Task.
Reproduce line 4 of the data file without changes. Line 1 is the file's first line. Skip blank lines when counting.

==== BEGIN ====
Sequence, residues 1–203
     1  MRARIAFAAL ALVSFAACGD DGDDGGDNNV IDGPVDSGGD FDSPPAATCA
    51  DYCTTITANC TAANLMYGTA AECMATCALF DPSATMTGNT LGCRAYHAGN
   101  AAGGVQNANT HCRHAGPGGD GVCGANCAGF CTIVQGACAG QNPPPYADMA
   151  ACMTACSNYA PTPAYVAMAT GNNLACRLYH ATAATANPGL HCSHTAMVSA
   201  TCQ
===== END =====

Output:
   101  AAGGVQNANT HCRHAGPGGD GVCGANCAGF CTIVQGACAG QNPPPYADMA